Nov 03, 2008 News
By Alex Wayne
As anticipated, the Mighty Sparrow and Byron Lee’s ‘Dragonaires’ teamed up at Thirst Park on Saturday night to unleash a soca/calypso invasion that would be long remembered on the local shores.
Although the action actually picked up somewhere close to 22:00 hrs, the Mingles Band kept the steadily building crowd enticed with renditions perfectly suited for the occasion.
Patrons soon got to their feet and moved closer to the stage as the revelling intensified.
The soca hit ‘Carnival’ was met by wild cheering, and many males sang, ‘Oh gal ah really want you’ in unison as the band belted out the favourite. Next it was time to ‘Catch de Cat,” before the band expressed the need for ‘A Woman by my Side’.
They then plunged into several soothing reggae selections, before heading for the dancehall segment with ‘Tek Way Yuhself’ and several other hits popular with the dancing audience.
The Mingles Band indeed paved the way for the next act with a stalwart performance, but next to come, soca singer Wilbur ‘Lilman’ Levans, for some reason seemed unable to create the needed vibes or energy to evoke a wholly festive response from the crowd. Nonetheless, his ‘Soca Music Nice’ and ‘Put Yuh Hands in de Air and Wine’ were met with favourable applause from the audience.
Representing the Dragonaires, high energy singer Oscar B totally wooed the female audience with several reverberating soca hits that sent them screaming wildly, even as they executed smoothly some of the most technical dancehall routines.
He was soon joined by Guyana’s own Jomo ‘rubber waist’ Primo, and the two took things to a screaming crescendo in which the crowd totally surrendered to the pulsating soca fever seizing the venue.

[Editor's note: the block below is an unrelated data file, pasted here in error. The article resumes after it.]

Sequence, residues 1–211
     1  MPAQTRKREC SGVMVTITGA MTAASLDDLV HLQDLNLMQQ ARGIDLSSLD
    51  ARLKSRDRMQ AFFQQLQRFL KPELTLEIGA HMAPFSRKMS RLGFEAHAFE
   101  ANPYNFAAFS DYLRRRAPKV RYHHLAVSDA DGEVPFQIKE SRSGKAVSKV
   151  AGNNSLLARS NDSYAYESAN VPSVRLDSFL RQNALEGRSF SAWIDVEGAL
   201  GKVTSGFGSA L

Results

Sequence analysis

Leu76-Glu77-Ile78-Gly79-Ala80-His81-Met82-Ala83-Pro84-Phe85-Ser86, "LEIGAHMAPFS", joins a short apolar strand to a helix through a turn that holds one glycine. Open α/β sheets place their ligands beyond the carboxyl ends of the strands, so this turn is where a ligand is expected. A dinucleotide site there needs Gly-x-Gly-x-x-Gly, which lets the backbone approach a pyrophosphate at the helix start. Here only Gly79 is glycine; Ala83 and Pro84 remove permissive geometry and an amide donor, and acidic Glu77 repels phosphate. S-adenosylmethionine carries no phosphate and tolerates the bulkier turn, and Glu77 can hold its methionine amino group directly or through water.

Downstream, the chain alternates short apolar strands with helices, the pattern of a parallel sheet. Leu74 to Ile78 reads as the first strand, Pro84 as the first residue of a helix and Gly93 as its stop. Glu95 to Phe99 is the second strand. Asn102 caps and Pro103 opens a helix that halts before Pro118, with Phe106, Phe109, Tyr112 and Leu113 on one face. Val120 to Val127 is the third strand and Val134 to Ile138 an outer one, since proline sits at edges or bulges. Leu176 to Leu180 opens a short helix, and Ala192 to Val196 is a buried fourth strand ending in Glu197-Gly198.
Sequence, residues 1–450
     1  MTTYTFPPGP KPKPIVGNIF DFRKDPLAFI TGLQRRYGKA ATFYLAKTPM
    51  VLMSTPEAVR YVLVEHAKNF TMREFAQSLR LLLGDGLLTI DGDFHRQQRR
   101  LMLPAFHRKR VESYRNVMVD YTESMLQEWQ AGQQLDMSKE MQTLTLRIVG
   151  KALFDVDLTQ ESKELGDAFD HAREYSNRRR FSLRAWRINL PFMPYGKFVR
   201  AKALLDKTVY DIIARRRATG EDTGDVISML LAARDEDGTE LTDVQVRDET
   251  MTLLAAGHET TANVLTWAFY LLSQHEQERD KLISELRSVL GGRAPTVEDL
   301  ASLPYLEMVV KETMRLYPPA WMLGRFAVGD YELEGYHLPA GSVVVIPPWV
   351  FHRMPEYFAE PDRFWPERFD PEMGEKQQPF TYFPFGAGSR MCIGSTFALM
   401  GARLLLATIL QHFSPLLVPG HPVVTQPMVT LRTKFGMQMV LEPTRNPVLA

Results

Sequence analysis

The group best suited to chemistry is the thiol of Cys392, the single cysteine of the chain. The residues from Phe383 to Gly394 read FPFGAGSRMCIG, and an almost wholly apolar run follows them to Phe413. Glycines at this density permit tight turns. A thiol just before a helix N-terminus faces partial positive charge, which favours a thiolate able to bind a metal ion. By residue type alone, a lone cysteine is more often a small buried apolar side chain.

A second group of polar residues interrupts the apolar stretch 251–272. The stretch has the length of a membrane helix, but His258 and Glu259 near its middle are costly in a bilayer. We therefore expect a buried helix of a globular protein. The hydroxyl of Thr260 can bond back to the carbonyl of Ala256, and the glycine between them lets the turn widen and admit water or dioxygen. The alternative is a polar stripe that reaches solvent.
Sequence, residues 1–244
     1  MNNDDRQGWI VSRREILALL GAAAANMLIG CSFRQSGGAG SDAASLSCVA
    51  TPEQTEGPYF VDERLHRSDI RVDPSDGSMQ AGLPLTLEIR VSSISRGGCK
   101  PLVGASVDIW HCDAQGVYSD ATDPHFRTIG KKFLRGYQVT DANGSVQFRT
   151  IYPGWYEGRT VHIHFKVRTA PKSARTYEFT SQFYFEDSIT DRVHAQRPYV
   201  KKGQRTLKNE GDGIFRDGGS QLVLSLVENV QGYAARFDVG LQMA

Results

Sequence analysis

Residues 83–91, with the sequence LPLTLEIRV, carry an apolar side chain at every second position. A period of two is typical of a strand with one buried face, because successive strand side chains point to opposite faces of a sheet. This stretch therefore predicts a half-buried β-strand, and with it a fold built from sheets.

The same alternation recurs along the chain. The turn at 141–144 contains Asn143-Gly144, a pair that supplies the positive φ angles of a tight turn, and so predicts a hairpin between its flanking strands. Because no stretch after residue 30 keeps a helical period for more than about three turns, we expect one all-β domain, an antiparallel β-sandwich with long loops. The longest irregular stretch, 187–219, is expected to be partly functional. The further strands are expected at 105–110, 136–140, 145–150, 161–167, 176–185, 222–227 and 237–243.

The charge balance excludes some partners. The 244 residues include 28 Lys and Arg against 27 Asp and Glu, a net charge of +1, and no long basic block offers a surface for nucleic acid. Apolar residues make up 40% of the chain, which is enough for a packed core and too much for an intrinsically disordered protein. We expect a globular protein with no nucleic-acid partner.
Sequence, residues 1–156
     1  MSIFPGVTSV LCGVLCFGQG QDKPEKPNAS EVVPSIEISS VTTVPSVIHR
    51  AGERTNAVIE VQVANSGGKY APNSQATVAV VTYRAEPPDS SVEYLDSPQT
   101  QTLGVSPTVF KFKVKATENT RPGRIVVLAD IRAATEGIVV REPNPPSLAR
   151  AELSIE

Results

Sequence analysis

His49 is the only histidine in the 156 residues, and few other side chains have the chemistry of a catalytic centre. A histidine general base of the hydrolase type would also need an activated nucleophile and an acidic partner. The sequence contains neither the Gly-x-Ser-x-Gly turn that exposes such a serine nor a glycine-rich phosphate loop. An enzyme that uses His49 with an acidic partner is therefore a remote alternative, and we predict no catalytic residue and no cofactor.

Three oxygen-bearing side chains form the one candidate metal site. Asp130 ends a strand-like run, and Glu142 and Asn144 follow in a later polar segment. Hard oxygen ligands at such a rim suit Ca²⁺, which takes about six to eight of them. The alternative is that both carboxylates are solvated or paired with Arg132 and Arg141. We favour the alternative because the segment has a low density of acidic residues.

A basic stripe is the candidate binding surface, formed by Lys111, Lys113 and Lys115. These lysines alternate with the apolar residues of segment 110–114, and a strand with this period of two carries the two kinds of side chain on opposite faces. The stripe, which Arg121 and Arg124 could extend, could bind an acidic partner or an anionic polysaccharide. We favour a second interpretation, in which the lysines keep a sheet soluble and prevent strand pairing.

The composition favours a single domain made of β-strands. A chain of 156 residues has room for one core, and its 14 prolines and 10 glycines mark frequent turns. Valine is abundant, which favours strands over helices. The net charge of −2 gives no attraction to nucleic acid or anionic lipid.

Primo thrilled with ‘Wine Up Pon meh Curry’ and many others, before simmering sweetly with ‘Too late to Apologise’, ‘African Queen’, ‘Look pon de Gullyside’ and a string of upbeat slow songs that had the crowd waving their approval and singing word for word in some instances.
Remembering the need for musical ethnic equality, he plunged into ‘Nanny Wine’, ‘Rum Till I Die,’ and some of the more spicy Indian ballads.
The back-up female dancers were all undulating hips and frenzied bodies trembling as they represented for the dancehall divas on stage.
Primo and Oscar B soon had the crowd moving to various directions on the field as they plunged into the much liked ‘dance instruction’ routine popularly used by artistes to keep audiences alert and entertained.
The Mighty Sparrow may be an aged entertainer, but he certainly put his spurs to work as he came smiling onstage to deafening roars and cheers from the thousands present at the event. ‘Jean and Dina’ was excellently performed, making way for ‘Lizard’ and a vast line-up of his most selected hit pieces, to which the audience screamed its approval.
Soon tables and chairs were tossed carelessly aside as the entire pavilion was transformed into a massive melee of gyrating bodies, soaking up some of the most rated soca and calypso rhythms.
To spice things up even more, Sparrow added some very agile foot movements and a little ‘hip rolling’ which took the audience spiralling to a calypso peak that displayed their obsession and love for the music form.
All manner of suggestive dance moves were adopted by the females when he belted out the Caribbean favourite ‘Saltfish,’ before creating a ‘music mix’ where his calypso tempos took on a sudden stirring dancehall groove.
After the Sparrow left, amidst screams for encore, the Dragonaires returned to the stage and served up a bonus package of yesteryear soca selections that took the show way into the wee hours of the morning.
When the show concluded, sometime before 03:00 hrs, the radiant smiles of the thousands filing out of the venue told the tale of a night spent in enjoyable soca/calypso revelry.
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